Vaccine Information

CSUDH Vaccine Policy

As of May 2023, CSUDH no longer requires COVID-19 vaccination for students* and employees. For more details, read the May 31, 2023 university statement.

*Student athletes and students in on-campus housing are required to get the COVID-19 vaccine. See a full list of vaccine requirements on the Student Health Services website.

Rethinking Vaccine Hesitancy: 12 Facts You Should Know

By Sophia Momand, MD
Physician, CSUDH Student Health Center

1. The COVID-19 vaccines were developed quickly, but safely.

The vaccines were created using scientific methods and processes developed and tested over decades, and have gone through extensive safety testing.

2. COVID-19 vaccine side effects are temporary and usually mild.

The vaccines do not cause infection, but may cause a sore arm, mild fever, or body aches for one or two days following a shot. The vaccines do not contain live viruses.

3. Vaccines can protect you from getting infected.

This includes from variants such as Delta or Mu. If you do get infected, the vaccines prevent serious illness and death.

4. Vaccine testing assessed safety and effectiveness across a diverse range of populations.

Clinical trial participants included people of color, the elderly, the obese, and other vulnerable populations, to ensure the vaccines’ safety throughout the general populace.

5. You can get the vaccines if you have allergies.

Allergies to foods, insects, latex, or other substances do not affect the vaccines’ efficacy or safety.

6. Getting vaccinated protects you and those you love.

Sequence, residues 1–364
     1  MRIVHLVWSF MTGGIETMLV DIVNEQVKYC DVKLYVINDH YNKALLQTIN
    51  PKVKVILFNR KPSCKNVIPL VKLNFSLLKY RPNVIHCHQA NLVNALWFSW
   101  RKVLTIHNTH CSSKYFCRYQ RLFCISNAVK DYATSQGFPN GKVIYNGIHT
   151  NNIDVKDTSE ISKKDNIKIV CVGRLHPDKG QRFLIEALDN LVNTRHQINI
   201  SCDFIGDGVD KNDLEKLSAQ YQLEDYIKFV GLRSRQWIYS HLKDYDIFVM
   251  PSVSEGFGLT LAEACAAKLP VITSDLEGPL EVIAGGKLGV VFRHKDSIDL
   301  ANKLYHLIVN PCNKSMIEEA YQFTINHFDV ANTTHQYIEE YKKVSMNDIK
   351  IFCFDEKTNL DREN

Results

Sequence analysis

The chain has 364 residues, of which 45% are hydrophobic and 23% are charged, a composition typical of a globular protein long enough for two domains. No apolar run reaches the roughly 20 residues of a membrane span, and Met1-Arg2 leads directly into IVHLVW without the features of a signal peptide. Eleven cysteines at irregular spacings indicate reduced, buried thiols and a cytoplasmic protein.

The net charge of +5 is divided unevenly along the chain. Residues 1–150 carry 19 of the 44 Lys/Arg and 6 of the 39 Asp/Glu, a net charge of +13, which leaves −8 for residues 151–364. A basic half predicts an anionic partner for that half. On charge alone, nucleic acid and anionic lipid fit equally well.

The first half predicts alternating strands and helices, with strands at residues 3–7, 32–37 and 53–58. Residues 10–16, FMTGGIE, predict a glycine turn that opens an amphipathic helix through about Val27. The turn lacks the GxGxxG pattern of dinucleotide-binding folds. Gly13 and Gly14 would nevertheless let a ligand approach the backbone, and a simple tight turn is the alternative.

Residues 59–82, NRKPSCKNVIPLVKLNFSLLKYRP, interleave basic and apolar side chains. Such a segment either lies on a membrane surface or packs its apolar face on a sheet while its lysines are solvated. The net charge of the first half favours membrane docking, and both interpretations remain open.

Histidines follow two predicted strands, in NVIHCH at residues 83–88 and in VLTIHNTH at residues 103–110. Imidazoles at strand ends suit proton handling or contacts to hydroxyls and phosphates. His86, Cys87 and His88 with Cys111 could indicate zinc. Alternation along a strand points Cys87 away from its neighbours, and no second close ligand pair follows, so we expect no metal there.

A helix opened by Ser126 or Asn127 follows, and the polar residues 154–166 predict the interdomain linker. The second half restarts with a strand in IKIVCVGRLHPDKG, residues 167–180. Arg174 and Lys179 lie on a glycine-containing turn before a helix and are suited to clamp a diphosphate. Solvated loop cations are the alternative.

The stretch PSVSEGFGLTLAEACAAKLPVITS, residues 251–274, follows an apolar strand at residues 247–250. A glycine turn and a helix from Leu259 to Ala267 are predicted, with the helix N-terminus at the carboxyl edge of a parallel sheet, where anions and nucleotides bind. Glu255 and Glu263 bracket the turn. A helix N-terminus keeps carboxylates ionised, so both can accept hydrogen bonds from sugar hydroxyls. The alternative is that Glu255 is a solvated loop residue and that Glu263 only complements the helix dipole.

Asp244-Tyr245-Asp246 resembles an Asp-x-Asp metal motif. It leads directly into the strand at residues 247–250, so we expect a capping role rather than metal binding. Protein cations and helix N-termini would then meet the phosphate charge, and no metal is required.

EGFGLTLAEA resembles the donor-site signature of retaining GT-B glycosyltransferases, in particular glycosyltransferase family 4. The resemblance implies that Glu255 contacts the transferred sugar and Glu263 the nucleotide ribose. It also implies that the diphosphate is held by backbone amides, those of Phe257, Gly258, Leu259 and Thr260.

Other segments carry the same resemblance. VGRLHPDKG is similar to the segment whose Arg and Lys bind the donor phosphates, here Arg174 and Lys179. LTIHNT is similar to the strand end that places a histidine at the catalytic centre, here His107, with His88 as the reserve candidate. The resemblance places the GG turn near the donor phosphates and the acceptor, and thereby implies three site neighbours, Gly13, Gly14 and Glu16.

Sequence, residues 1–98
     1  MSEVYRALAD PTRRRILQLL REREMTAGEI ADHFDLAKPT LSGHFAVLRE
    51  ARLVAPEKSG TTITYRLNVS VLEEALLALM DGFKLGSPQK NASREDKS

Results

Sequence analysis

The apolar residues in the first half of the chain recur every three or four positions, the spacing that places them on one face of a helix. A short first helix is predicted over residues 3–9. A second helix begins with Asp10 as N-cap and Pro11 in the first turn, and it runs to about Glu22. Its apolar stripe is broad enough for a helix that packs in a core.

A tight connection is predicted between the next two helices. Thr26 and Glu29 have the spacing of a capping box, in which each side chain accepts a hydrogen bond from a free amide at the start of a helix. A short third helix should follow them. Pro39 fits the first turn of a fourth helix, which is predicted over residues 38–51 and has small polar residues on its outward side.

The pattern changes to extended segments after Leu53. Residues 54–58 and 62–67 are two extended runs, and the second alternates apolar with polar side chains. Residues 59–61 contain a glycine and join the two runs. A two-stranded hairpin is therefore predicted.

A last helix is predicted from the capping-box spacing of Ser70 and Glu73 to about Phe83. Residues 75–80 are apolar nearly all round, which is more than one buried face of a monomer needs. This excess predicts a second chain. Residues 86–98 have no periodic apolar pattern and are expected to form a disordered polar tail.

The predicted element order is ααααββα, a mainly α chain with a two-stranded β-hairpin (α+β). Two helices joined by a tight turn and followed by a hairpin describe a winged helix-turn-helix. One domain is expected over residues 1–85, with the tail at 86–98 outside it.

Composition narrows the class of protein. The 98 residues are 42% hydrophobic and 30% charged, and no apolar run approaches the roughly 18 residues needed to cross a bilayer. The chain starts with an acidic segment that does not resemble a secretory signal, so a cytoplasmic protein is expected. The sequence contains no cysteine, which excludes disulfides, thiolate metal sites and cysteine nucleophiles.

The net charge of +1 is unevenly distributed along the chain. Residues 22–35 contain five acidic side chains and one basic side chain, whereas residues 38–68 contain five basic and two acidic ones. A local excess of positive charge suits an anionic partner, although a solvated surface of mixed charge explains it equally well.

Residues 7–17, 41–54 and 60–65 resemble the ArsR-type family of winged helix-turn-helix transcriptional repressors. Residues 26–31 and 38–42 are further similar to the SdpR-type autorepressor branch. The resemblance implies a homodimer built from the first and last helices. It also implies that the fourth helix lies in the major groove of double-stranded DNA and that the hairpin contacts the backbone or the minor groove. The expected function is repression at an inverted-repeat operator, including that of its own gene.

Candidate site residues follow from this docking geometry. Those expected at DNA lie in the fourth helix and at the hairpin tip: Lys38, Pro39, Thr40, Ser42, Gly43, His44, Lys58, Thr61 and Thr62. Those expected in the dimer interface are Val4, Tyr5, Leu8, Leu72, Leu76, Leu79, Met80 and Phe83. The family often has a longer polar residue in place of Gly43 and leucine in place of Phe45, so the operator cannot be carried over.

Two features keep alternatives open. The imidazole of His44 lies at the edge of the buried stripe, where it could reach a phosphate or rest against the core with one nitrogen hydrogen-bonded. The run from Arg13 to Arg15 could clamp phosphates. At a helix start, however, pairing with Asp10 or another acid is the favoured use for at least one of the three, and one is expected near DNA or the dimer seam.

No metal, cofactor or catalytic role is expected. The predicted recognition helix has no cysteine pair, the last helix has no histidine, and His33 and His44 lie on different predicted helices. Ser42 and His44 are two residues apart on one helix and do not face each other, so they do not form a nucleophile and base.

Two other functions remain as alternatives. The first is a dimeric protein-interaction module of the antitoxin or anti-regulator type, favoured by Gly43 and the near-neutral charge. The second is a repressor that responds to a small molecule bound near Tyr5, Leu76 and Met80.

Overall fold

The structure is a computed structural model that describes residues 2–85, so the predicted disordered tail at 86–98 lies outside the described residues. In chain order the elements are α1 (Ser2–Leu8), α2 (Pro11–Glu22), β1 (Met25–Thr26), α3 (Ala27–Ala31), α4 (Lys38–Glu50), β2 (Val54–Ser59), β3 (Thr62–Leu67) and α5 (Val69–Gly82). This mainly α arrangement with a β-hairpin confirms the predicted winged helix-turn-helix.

People of color are especially vulnerable to severe COVID-19 infections. Generational health inequities have caused Black, Latinx, and other communities of color to experience more severe COVID-19 symptoms and deaths.

7. Even if you have had COVID-19, getting the vaccine will protect you.

The vaccines offer longer, stronger protection than your natural immunity.

8. Vaccinations help prevent variants from developing.

Every COVID-19 infection gives the virus a chance to mutate (change form) to survive—the more vaccinations, the less chance of variants springing up.

9. The faster the community gets vaccinated, the faster we can get “back to normal.”

Of course, the best way to stop the spread is to get vaccinated and practice safe behaviors (hand washing, wearing masks, social distancing, etc.).

10. The vaccines have no ill effects on pregnant people, those trying to become pregnant, or breastfeeding.

However, unvaccinated pregnant people are vulnerable to serious COVID-19 infections, which can harm the baby.

11. Time is of the essence.

The longer it takes for the community to get vaccinated, the more the virus can spread or mutate into new variants. The sooner you get vaccinated, the sooner you and the entire community are protected.

12. The decision is yours.

There is a lot of misinformation out there that deliberately distorts the facts about the vaccines. Use only reliable sources for research. Talk to those who have already been vaccinated about their experiences, so you can be confident and make the most informed decision.

Getting vaccinated is how we end COVID-19!

L.A. County Vaccination Information

CSUDH falls under the Los Angeles County Department of Public Health's vaccination distribution.

Currently, L.A. County is vaccinating:

  • Everyone aged 6 months and older. Book your appointment at

Live Outside L.A. County?

Each county has its own vaccination rollout plan. Links to county COVID-19 vaccine web pages is available on the California COVID-19 vaccine site.